Fight for Free Speech at University of Pittsburgh

It is generally an ill omen for the success of any sort of public event when the event’s location needs to be changed at the exact time it’s slated to begin. This was the case on one fine morning when the intrepid members of YAL at the University of Pittsburgh decided that their planned location for their latest activism project, a patio outside of the University’s largest dorm complex, was simply unusable due to frigid weather.

Despite bone-chilling winds on top of already cold temperatures, they were able to find a safe haven for their latest activism project; a free speech ball in the enclosed elevated walkway running above Forbes Avenue. From this comparatively warm new location the YAL members were able to collect signatures, distribute club materials, and of course witness the fascinating phenomenon that occurs when someone is told to write down a statement, and then told that any and all statements are fair game.

Free speech is an inherently politicized idea, and though there was no shortage of political sloganeering on the massive inflatable beach ball, it always seems as though the totally apolitical statements written by one of the dozens of anonymous passers-by stick out the most. Highlights in this category included such gems as: “The Warriors blew a 3 – 1 lead in the NBA finals,” “Legalize Memes,” the entire first amendment to the Constitution of the United States, and, “Be the reason someone smiles today.”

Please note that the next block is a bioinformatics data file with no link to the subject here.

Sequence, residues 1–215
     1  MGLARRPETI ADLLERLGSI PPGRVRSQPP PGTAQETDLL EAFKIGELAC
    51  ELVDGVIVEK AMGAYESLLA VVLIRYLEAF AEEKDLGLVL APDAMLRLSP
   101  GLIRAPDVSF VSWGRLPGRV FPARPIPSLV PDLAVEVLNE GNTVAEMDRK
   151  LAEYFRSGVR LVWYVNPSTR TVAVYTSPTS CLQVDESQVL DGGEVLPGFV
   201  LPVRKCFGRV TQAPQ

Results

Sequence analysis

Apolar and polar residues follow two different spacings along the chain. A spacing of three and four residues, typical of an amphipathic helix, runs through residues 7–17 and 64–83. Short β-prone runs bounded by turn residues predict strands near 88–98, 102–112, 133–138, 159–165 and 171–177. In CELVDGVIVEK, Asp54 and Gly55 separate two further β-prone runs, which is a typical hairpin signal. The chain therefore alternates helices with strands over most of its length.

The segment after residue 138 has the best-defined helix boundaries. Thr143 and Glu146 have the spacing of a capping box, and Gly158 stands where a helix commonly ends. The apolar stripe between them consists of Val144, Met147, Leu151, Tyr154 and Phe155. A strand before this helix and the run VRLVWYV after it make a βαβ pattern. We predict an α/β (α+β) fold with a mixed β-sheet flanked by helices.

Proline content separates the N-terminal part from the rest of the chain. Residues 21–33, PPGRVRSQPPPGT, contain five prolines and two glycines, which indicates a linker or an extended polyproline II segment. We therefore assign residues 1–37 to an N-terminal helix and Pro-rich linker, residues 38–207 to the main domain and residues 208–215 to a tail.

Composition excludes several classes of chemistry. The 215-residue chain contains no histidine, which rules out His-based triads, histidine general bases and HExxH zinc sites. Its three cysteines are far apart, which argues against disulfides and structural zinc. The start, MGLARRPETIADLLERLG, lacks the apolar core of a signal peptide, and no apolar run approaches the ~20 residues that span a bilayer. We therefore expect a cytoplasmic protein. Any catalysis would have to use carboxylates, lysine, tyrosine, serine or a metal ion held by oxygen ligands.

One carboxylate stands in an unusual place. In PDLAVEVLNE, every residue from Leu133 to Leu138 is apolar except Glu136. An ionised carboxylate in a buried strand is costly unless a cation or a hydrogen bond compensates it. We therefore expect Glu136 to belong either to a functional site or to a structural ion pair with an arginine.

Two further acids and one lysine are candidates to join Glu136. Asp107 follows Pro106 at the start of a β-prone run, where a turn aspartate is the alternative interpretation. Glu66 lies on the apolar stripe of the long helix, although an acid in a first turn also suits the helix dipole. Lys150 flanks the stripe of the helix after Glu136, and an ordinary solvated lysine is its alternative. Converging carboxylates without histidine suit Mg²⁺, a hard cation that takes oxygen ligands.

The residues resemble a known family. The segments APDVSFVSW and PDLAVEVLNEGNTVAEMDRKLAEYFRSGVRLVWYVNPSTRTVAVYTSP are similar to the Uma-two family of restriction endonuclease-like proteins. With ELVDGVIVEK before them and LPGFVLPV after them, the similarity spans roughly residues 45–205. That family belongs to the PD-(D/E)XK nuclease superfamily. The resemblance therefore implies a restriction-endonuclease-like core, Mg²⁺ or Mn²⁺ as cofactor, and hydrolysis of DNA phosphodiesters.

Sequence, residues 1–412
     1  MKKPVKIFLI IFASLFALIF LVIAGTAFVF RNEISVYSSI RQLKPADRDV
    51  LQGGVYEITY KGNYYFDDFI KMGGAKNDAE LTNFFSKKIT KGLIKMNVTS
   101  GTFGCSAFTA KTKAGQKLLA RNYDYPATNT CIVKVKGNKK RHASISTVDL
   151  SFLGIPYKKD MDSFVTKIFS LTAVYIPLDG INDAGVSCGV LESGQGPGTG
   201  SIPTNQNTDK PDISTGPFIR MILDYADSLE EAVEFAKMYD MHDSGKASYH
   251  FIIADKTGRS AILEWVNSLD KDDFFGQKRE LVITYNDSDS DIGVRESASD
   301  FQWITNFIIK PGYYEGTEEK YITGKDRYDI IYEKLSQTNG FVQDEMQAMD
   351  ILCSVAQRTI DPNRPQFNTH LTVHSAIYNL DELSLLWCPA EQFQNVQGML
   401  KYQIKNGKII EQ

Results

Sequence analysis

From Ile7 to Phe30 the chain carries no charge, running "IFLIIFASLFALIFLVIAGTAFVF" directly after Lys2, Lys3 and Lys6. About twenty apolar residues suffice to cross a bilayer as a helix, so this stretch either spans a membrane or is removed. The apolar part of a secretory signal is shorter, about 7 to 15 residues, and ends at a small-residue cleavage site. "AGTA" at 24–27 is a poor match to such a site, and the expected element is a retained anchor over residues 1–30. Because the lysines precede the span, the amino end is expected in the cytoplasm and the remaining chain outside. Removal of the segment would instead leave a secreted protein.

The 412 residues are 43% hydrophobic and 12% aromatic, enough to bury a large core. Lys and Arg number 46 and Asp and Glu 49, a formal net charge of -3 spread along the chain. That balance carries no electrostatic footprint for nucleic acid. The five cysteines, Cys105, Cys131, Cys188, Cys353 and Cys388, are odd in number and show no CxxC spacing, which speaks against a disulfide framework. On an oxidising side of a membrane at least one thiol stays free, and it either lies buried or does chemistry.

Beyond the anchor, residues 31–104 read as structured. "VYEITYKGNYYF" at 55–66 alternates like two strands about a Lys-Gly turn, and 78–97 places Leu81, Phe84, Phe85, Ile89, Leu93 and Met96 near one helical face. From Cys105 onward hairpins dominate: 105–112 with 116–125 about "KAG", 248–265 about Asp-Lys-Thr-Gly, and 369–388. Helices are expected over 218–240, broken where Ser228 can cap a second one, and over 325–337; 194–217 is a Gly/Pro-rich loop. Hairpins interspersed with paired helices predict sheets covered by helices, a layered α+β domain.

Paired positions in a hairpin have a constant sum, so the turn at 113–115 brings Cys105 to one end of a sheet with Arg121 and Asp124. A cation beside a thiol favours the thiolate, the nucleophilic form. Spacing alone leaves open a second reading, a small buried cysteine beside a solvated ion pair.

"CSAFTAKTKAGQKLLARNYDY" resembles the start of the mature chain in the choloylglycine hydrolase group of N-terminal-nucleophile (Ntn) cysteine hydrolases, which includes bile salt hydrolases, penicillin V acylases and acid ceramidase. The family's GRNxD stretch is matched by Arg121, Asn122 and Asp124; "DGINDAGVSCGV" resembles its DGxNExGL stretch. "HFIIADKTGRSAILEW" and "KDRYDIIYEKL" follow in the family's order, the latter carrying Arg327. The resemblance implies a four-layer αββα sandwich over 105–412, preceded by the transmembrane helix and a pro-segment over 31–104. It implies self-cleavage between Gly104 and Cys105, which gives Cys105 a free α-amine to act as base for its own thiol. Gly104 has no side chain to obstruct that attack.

In times such as these, where many view our constitutionally-protected right to free speech as a necessary casualty in the war against bigotry and discrimination, it is worth remembering two key points: First, laws against any type of speech have never proven an effective deterrent to those types of speech. Try as we might, we simply cannot legislate our way to total social harmony. Second, any theoretical law passed to limit “hate speech” or “discriminatory speech” could quickly be abused by any branch of government to silence its critics and opposition forces, though the consequences of an overly powerful branch of the federal government hardly needs an explanation to anyone who’s followed US politics for the past two months.

The quotes included above were not put there simply for the amusement of the reader, they were included to show that like many of the rights affirmed by our constitution, the modern definition of free speech issues is far narrower than one may imagine. Free speech does not just mean the freedom to insult, belittle, and discriminate against, but also the freedom to support, affirm, and include. It’s the freedom to express any opinion one might have. If one truly wants to ally his or herself with the oppressed, they should look to use all their own capacity for speech in support of these marginalized groups rather than looking for some legal “magic bullet” to silence those with reprehensible opinions. 

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